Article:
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responding diameter to Dupont's well would, according to just and reasonable calculations, furnish about two million gallons in twenty-four hours; also the elevation of the water above the surface is greater than that of any other artesian well, and it is only exceeded in depth by the St. Louis well, and that to an extent of one hundred and thirteen feet.

The water comes out with considerable force from the fiveinch opening, and a heavy body thrown into the mouth of the well is rejected almost as readily as a piece of pine wood. By an approximate calculation its mechanical force is equal to that of a steam-engine with cylinder ten by eighteen inches, under fifty pounds' pressure, with a speed of fifty-five revolutions per minute, a force rated at about ten-horse power. The top of the well is now closed, and the water conducted about thirty feet to a basin with a large jet d'eau on the center, from which there is a central jet of water forty feet in height, with a large waterpipe, from which the water passes in the form of a sheaf. When the whole force of water is allowed to expend itself on the central jet, it is projected to the height of from ninety to one hundred feet, settling down to a steady flow of a stream sixty feet high.

Temperature of the Water.-The water as it flows from the top of the well has a constant temperature of 761° F., and is not affected either by the heat of summer or the cold of winter. The temperature at the bottom of the well is several degrees higher than this, as ascertained by sinking a Walferdin's registering thermometer to the bottom, which indicated 821° F. Taking as correct data that the point of constant temperature below the surface of Louisville is the same as at Paris-namely, 53° F.--at ninety feet below the surface we have an increase of one degree of temperature for every sixty-seven feet below that point. The increase in Paris is one degree for every sixty-one and two tenths feet. The temperature of the water is sufficient for comfortable bathing during most of the yeara circumstance that will be of considerable importance if it ever be turned to the use of baths. The reason of the difference of six degrees between the water at the bottom of the well and at the top is that the iron pipe leading from the surface to the rock passes through a stratum of water sixty feet thick, having a temperature of fifty-seven degrees.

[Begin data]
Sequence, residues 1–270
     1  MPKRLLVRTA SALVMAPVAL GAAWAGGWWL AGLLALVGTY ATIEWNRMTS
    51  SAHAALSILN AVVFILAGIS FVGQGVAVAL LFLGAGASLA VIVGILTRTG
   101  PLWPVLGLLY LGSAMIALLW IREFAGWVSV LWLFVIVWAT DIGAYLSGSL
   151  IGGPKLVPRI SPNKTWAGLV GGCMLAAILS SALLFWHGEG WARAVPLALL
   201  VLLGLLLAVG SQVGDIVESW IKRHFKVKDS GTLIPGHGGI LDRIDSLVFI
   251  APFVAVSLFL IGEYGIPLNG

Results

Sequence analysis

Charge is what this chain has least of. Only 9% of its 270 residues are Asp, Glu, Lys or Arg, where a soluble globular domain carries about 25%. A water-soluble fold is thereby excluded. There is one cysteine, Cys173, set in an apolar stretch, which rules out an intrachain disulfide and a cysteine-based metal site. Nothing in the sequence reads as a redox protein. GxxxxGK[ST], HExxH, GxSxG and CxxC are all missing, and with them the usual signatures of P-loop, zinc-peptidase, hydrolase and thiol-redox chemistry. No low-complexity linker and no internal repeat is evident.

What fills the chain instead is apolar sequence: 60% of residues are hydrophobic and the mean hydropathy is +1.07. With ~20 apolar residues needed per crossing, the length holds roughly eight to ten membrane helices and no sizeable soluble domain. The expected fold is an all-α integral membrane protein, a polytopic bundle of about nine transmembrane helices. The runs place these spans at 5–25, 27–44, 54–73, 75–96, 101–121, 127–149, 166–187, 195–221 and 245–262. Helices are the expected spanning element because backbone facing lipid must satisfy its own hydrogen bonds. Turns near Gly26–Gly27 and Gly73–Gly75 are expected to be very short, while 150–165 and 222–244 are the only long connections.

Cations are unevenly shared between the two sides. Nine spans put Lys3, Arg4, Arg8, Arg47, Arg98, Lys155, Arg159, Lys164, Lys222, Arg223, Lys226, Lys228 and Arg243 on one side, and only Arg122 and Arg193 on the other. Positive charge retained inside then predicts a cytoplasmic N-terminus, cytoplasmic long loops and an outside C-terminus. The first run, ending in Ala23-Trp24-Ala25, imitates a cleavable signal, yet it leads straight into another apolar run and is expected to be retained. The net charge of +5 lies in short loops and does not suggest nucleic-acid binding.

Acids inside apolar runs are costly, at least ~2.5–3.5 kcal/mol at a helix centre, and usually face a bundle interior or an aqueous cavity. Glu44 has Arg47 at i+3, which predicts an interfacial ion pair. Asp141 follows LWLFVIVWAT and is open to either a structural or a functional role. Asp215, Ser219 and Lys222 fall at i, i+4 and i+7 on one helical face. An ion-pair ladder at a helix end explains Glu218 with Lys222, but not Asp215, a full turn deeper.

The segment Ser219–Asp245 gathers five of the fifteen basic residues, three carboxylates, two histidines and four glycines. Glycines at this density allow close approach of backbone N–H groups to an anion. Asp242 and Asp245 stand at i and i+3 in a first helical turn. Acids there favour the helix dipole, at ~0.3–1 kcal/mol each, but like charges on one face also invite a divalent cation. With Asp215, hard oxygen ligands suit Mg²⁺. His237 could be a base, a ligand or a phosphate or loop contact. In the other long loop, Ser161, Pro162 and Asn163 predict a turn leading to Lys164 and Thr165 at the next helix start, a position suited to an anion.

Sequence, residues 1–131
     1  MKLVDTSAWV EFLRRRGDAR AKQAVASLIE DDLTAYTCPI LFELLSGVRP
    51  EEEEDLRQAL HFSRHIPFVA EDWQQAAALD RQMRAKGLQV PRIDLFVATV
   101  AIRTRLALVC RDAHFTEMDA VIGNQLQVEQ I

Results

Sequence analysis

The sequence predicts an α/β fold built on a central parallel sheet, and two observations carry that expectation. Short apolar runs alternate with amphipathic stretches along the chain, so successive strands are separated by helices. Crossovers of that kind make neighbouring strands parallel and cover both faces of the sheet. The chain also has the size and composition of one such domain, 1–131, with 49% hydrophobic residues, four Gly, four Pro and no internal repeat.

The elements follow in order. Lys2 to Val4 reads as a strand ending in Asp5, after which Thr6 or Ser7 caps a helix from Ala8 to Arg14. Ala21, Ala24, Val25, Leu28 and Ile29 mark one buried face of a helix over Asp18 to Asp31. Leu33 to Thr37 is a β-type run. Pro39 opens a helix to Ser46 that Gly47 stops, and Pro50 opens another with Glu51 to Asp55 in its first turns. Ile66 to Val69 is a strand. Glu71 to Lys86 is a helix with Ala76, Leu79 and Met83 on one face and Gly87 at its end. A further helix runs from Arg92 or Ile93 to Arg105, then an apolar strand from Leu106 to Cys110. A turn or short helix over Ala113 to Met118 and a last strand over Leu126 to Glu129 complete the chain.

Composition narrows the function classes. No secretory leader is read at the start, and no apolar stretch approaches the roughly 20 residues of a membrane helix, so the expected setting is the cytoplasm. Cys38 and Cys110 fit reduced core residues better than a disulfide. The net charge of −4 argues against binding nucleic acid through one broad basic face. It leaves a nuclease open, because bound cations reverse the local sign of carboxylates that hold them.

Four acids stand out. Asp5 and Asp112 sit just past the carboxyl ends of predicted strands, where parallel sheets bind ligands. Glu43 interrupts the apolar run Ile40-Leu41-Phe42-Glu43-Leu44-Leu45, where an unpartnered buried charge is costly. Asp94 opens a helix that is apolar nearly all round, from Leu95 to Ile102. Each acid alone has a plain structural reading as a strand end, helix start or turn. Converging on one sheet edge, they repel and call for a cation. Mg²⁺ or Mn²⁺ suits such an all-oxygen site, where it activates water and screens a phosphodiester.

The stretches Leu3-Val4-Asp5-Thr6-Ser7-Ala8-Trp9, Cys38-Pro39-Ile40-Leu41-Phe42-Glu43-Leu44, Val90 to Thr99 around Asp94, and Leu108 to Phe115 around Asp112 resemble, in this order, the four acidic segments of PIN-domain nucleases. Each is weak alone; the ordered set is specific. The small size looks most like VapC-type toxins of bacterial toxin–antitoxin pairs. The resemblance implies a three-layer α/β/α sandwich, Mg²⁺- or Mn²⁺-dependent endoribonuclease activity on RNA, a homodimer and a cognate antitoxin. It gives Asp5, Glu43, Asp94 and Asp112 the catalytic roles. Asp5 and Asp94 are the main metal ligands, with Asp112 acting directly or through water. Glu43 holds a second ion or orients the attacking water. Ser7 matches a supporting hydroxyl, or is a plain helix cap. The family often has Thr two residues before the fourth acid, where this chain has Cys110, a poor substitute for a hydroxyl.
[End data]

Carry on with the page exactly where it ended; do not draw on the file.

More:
The Source of the Water.-The question naturally arises, if the vein of water supplying this well has a connection with some distant source higher than the surface of Louisville, where is that source? From all that we have been able to learn of the geology of this county, taking Louisville as a center, the first rocks encountered corresponding to the sandstone (in which the water of the artesian well was struck) are in Mercer, Jessamine, and Garrard counties, near Dix Creek, to the east of Harrodsburg. The rocks there are said to be cavernous and water-bearing. The elevation is about five hundred feet greater than Louisville, and about seventy-five miles in a straight line from this city.

This being the most probable source of the water, whence come its mineral constituents? These are obtained from the rocks through which it percolates in its way from its source to the point below Louisville where it has been tapped, and where it will doubtless flow in undiminished quantity for centuries to come, as wells having such deep sources as this are usually inexhaustible.

Nature of the Water.-The water is perfectly limpid, with a temperature, as already stated, of 7610, which will be invariable all the year round. Its specific gravity is 1.0113. The solid contents left on evaporating one wine gallon to dryness are 915 grains, furnishing on analysis

Chloride of sodium (common salt)..

Chloride of calcium...

Chloride of magnesium......

Chloride of potassium.

Chloride of aluminum.
Chloride of lithium....
Sulphate of soda..

Sulphate of lime.....

Sulphate of magnesia...
Sulphate of alumina...
Sulphate of potash.

Grains. 621.5204











Bicarbonate of soda....